Nevertheless, God does not call us to condemn one another. Each servant of God stands because of God, because God is fully capable to make His servants stand. And those who deny Him; those who vocally state, “No, Jesus is not the Lord God” or say like a recent commenter “Jesus is a sun god”; these people are those we who call ourselves Christian should pray for. Praying for someone’s salvation is not condemning them to hell; it is inviting their soul to paradise.

Dragging Each Other To Hell


I’ve heard an urban legend that Martin Luther recanted on his deathbed and asked for last rites, so that he died a good Catholic. I’ve heard an urban legend that because he did not, in fact, recant he was seized by demons and dragged in agony to hell as a bad Protestant. What a contrast. Either he repented at that last possible moment and was ushered back into the true Christian Church under the earthly authority of the Pope, the Vicar of Christ or he was dragged off to hell — at least in the minds of Vatican I strict Roman Catholics.

How odd, to me, that persons who profess the same Lord and Savior have such evil thoughts regarding one another. One group claims if you refuse to attend to the Pope as the one and only representative of Christ on earth, then you are condemned. Another group claims that if you recognize an authority other than Christ’s, then you are condemned. After all, the papacy is the anti-Christ. Down to the wire, the Pope’s either the Vicar of Christ or he’s the Anti-Christ.

I grew up in the Protestant church, in several denominations. I’ve attended Roman Catholic masses, and committed the unthinkable (for many Catholics, that is and probably for some Protestants) — I’ve received the Eucharist. I’ve recognized the body of Christ in some churches; in other churches, I’ve accepted that the emblems only become the body of Christ within my own body, and in others I’ve agreed that these are just symbols of Christ’s sacrifice. Honestly, the Eucharist is the only time “communion” makes an emotional impact, even as I reject the words “accept this sacrifice at our hands” which makes no scriptural sense to me. The least effective “communion” is self-serve. Go up, take the little piece of bread, dip it in the grape juice, take it without a thought in your head and walk back to your seat. Too fast, too slick, rather pathetic for me, anyway. Like going to McDonald’s for a Jesus Happy Meal.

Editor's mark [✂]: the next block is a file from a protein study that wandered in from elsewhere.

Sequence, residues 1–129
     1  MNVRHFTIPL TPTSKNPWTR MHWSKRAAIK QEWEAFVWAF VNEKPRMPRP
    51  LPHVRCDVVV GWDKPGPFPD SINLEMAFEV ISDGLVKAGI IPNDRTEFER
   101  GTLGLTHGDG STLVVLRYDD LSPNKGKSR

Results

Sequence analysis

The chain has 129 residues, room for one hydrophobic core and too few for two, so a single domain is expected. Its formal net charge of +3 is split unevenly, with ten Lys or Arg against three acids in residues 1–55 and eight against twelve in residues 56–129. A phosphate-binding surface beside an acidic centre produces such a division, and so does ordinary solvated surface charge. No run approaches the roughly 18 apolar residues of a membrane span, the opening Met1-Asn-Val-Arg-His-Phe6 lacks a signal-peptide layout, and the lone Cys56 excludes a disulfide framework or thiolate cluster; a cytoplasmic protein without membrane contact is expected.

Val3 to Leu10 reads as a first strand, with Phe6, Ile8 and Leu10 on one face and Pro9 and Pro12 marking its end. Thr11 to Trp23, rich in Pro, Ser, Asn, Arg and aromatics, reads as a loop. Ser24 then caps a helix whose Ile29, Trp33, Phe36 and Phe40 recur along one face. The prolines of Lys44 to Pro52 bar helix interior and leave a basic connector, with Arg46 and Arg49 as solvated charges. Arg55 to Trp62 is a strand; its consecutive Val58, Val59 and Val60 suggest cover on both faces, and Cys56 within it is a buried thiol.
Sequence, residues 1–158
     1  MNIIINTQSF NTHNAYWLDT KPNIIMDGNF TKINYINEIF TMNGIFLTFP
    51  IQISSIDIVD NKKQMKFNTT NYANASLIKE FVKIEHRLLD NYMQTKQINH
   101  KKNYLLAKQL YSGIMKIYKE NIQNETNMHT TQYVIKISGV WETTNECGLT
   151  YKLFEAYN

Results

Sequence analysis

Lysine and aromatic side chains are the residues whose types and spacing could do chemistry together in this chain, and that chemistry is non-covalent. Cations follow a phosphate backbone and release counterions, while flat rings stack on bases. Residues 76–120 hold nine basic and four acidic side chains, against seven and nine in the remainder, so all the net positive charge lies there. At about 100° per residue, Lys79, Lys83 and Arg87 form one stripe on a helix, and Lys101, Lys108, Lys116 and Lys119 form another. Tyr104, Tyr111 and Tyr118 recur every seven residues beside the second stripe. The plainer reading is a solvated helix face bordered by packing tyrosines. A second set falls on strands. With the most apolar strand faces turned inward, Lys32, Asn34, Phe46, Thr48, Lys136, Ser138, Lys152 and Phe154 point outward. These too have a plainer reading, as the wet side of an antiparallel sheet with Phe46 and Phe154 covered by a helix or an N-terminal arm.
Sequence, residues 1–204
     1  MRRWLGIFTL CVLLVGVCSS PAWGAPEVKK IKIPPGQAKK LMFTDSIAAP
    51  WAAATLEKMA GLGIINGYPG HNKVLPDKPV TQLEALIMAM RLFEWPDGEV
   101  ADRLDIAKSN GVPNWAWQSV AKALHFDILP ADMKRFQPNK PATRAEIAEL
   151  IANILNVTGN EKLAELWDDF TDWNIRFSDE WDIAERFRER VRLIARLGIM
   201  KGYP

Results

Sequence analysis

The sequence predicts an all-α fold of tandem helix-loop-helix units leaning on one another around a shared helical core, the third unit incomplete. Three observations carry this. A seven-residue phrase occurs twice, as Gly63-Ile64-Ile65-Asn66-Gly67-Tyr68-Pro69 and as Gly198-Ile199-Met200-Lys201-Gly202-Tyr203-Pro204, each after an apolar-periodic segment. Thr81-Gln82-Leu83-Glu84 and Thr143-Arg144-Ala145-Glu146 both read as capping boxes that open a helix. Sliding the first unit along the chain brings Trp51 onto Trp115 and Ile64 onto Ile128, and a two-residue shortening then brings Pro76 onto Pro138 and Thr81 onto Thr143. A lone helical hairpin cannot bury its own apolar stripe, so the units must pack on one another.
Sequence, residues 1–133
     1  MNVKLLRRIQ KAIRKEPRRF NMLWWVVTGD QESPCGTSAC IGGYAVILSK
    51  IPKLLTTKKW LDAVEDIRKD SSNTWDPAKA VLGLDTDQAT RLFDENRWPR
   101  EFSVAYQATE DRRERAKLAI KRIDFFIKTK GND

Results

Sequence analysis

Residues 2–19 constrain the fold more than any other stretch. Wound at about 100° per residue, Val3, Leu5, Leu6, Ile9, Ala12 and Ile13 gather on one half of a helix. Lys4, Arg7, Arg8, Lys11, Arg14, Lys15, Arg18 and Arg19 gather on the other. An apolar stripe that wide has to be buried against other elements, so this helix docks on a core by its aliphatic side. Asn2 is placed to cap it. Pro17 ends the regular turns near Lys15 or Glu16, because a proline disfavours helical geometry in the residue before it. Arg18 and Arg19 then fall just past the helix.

I probably seem a bit like the women Paul condemns — those tossed about on the winds of various doctrines. However, if you listen to Protestants speak of our Lord and then listen to Roman Catholics speak of our Lord and you do not know which person is of which belief system, you likely would not know which one — in your opinion — should be dragged off to hell on his deathbed.

Our Father, who art in heaven, hallowed be thy Name, thy kingdom come, thy will be done on earth as it is in heaven. Give us this day our daily bread, forgive us our trespasses as we forgive those who trespass against us. Lead us not into temptation, but deliver us from evil. For thine is the power, the glory and the kingdom forever. Amen.